This challenge appeared on an internal alias dedicated to C++. It was issued by Mike Vine, a developer here at Microsoft who agreed to let us share it with the mighty Visual C++ blog readers:
This challenge came from me thinking about a simple bug which could be turned into a security vulnerability, so I thought I’d give it a go and try to code a plausibly deniable piece of code which looks innocent but is actually dangerous. I managed to actually go further than that, and produced something, that whilst unlikely, could possibly have come from non-malicious but sloppy coding.
So your challenge is – if you choose to accept it – analyze the sample code file “main.c” (attached) and try to find the (fairly obvious) security faux pas and ‘accidental’ bug which causes the security faux pas to be exploitable.
Try to analyze it first before running it, like you would in a Code Review, to try to spot the issue. As it is code which could’ve come from a sloppy programmer everything is pretty much what it seems – there’s no misnamed functions or anything lame like that.
The security vulnerability comes from the file it tries to load which we assume is attacker controlled (e.g. on a CD for a console, or downloaded from the internet for a browser).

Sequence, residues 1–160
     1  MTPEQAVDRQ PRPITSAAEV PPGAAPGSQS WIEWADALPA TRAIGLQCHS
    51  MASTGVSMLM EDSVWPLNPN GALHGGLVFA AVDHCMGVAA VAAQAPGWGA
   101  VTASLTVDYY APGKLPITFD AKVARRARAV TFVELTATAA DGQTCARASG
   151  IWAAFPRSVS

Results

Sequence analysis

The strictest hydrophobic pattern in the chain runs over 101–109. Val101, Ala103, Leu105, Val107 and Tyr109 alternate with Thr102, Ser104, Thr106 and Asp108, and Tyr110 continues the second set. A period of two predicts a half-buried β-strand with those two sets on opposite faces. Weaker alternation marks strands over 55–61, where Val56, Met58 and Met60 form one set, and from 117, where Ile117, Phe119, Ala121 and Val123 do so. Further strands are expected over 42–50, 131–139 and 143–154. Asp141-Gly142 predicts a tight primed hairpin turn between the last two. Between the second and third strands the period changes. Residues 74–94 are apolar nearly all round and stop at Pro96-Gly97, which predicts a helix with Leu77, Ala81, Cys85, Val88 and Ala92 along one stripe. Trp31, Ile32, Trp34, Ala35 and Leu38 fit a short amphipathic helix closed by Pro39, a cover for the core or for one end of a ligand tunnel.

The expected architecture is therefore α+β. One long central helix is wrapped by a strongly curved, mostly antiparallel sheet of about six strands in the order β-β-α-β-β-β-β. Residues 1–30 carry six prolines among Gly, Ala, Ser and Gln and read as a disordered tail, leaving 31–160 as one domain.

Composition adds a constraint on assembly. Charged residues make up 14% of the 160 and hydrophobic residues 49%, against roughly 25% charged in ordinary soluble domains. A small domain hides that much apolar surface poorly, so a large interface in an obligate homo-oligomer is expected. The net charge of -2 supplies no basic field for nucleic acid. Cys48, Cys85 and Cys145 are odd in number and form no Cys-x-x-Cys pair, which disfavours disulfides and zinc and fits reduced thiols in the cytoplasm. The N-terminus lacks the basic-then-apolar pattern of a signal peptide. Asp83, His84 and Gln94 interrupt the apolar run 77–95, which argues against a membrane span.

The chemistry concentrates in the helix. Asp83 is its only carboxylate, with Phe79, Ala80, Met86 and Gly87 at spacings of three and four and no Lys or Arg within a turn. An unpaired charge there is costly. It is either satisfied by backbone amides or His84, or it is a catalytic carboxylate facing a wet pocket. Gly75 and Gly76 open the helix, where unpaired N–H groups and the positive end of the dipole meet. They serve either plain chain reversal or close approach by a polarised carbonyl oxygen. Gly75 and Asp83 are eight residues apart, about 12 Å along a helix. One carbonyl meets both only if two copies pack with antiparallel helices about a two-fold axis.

I’d assume experienced developers and security folk should be able to get this pretty quickly. In that case, try to analyze how it’s possible to really exploit the issue – the attached “Background.dat” is an example exploit (its benign enough to try out, but save your work first!). See if you can come up with that exploit yourself, or alternatively come up with something more fun / smaller / etc. I’m really interested with what’s possible here!
To run the code, create a new win32 console app and add the code, and make sure you run it with the ‘Background.dat’ next to the exe [or in the working directory if running under the VS debugger]
Does your commit process let this code through? Does you coding standards ban the dangerous parts of this code? Would this code pass your team’s code review? Does your automated CR tool pick up anything fishy here?
Send me an email if you’ve got the answer and/or an interesting exploit and I’ll reply back in a few days with the best of the responses.
Thanks, and good luck,
Our readers are some of the best developers out there, so when you find an answer, email it to Mike before the end of the week. Look for an update in the next few weeks.